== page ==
Dr Williams has stirred up a hornets nest over his statements about the possibility of Sharia law in the UK. It is perhaps easy to dismiss him, but I think what he is talking about is using some sort of community arbitration, in certain situations, and the state recognising the rights of religious minorities. He is not arguing for the stoning of adultresses.
In the article below he sites the situation of Catholics and adoption by homosexual couples. I know of Muslims who have difficulties reconciling certain aspects of financial law and what the Qu'ran says about usury. I suspect the real problem is simply that we have far too much intervention by the state in the lives of individuals and far too many laws.
When a society loses common values it begins to break down the tendency of governments is always to use the law as a sticking plaster to keep it together. Increasingly in the UK our government is imposing on Christians and Moslems alike a morality that is alien to both groups and contrary to the Natural Law
......... We don't either want a situation where, because there's no way of legally monitoring what communities do... people do what they like in private in such a way that that becomes another way of intensifying oppression inside a community."
The issue of whether Catholic adoption agencies would be forced to accept gay parents under equality laws showed the potential for legal confusion, he said.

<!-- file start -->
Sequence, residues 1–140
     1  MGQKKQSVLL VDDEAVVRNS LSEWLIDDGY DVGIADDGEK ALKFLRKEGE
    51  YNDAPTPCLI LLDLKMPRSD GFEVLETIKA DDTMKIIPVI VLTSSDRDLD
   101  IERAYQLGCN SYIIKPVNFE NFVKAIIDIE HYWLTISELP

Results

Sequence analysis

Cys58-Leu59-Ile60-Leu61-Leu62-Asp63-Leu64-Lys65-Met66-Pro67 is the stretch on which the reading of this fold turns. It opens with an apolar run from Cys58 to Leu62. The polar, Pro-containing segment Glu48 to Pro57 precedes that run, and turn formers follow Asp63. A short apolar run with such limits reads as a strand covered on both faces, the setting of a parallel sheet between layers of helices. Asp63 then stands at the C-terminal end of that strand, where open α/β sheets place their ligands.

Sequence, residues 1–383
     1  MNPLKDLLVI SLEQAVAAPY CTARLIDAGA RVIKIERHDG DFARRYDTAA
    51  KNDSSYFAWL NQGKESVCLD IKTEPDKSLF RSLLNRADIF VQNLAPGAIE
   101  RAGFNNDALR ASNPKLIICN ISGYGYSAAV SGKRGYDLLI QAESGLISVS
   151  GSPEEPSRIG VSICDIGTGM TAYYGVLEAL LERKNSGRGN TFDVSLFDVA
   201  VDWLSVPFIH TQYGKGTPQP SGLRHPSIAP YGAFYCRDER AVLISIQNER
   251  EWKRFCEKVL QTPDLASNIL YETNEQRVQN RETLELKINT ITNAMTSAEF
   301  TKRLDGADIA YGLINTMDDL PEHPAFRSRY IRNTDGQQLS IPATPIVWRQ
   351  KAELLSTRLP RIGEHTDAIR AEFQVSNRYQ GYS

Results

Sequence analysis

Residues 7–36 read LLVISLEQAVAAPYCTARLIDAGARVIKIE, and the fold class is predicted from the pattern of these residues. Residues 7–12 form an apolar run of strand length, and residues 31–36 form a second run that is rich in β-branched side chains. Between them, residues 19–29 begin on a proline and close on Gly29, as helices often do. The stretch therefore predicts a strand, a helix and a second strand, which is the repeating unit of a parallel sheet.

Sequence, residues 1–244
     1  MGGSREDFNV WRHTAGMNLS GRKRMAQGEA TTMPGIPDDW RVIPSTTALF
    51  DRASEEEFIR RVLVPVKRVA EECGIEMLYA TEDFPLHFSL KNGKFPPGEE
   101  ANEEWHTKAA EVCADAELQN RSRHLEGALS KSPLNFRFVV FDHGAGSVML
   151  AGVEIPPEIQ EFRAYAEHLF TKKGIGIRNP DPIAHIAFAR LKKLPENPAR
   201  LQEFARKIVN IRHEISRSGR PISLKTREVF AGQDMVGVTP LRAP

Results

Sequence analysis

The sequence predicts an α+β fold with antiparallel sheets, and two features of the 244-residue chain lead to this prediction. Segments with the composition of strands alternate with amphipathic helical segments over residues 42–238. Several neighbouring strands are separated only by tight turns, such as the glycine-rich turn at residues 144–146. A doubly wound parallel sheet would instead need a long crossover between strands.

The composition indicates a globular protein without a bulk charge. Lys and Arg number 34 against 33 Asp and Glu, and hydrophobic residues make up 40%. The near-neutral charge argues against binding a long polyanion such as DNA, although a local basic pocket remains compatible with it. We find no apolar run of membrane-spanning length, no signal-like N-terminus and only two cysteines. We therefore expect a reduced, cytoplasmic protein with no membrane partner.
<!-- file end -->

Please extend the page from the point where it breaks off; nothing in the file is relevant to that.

"That principle that there is only one law for everybody is an important pillar of our social identity as a western democracy," he said.
"But I think it is a misunderstanding to suppose that means people don't have other affiliations, other loyalties which shape and dictate how they behave in society and that the law needs to take some account of that."
'Custom and community'
Dr Williams noted that Orthodox Jewish courts already operated, and that the law accommodated the anti-abortion views of some Christians.
"The whole idea that there are perfectly proper ways the law of the land pays respect to custom and community, that's already there," he said.
People may legally devise their own way to settle a dispute in front of an agreed third party as long as both sides agree to the process.
Muslim Sharia courts and the Jewish Beth Din which already exist in the UK come into this category.
The country's main Beth Din at Finchley in north London oversees a wide range of cases including divorce settlements, contractual rows between traders and tenancy disputes.